Few weeks ago, US Dept. of Homeland security (National Cyber Security Division) in collaboration with SANS Institute/MITRE teams worked together and released a list of 25 dangerous programming errors as common security flaws, which opens doors for easy exploitation. My first look at this list, I thought it is a old wine in a new bottle as the document sounded a bit more high-level without applied countermeasures and reality checks. The list did go extra mile highlighting the mitigation strategies and countermeasures. For those follow OWASP Top 10 (Most compelling), the CWE Top 25 list is a bit more augmented to include the weakest links of security in target resource and client/server environment. At the outset, the Top 25 list certainly helps our budding developers on understanding the potential weaknesses and vulnerabilities arise due to poor coding practices.

Here is the list of SANS/MITRE’s Top 25 Most Dangerous Programming Errors, in no particular order…

1. Improper Input Validation
2. Improper Encoding or Escaping of Output
3. Failure to Preserve SQL Query Structure (SQL Injection)
4. Failure to Preserve Web Page Structure (Cross-site Scripting)
5. Failure to Preserve OS Command Structure (OS Command Injection)
6. Cleartext Transmission of Sensitive Information
7. Cross-Site Request Forgery (CSRF)
8. Race Condition
9. Error Message Information Leak
10. Failure to Constrain Operations within the Bounds of a Memory Buffer
11. External Control of Critical State Data
12. External Control of File Name or Path
13. Untrusted Search Path
14. Failure to Control Generation of Code (Code Injection)
15. Download of Code Without Integrity Check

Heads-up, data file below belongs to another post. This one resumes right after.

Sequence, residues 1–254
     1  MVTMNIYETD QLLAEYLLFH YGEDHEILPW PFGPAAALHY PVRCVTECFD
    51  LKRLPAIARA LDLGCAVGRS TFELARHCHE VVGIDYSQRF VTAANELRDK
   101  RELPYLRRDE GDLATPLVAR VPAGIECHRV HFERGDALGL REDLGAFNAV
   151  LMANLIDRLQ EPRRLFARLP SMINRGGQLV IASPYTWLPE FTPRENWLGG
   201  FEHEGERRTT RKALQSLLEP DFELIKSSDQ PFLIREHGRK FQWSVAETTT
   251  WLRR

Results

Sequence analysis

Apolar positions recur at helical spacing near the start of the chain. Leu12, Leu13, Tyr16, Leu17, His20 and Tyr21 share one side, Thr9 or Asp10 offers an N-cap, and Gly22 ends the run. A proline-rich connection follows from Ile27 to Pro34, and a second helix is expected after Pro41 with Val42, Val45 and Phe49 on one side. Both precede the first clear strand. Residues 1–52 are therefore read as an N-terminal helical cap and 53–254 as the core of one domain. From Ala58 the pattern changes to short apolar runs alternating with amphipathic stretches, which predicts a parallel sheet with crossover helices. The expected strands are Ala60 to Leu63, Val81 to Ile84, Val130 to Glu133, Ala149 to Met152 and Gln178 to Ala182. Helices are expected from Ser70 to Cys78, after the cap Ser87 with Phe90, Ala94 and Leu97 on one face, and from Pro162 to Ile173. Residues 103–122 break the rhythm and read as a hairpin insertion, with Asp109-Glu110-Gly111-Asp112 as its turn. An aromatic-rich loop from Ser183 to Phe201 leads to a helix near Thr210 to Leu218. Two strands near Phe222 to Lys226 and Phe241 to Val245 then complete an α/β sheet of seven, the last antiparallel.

16. Improper Resource Shutdown or Release
17. Improper Initialization
18. Incorrect Calculation
19. Improper Access Control (Authorization)
20. Use of a Broken or Risky Cryptographic Algorithm
21. Hard-Coded Password
22. Insecure Permission Assignment for Critical Resource
23. Use of Insufficiently Random Values
24. Execution with Unnecessary Privileges
25. Client-Side Enforcement of Server-Side Security

It is an impressive list…that leaves me with some hard questions, when it comes to how to implement the required safeguards and countermeasures – Yes, the Devil is always in the Implementation details as there is No Magic Silver Bullet and it becomes critical to the developer to choose, adopt and practice the appropriate “Security Design and Best Practices” that identifies the safeguard and helps proactively defend against those known errors.  As a developer – in the first place you must understand – how to bake-in security in your application choosing the relevant “Security patterns, Best practices, Pitfalls and Reality checks”…for your target application development and deployment environment.

This gives me another opportunity for my shameless book promotion (is here), especially for those who is interested in knowing the security patterns and require implementation guidance for securing Java/J2EE/Web Services environments.

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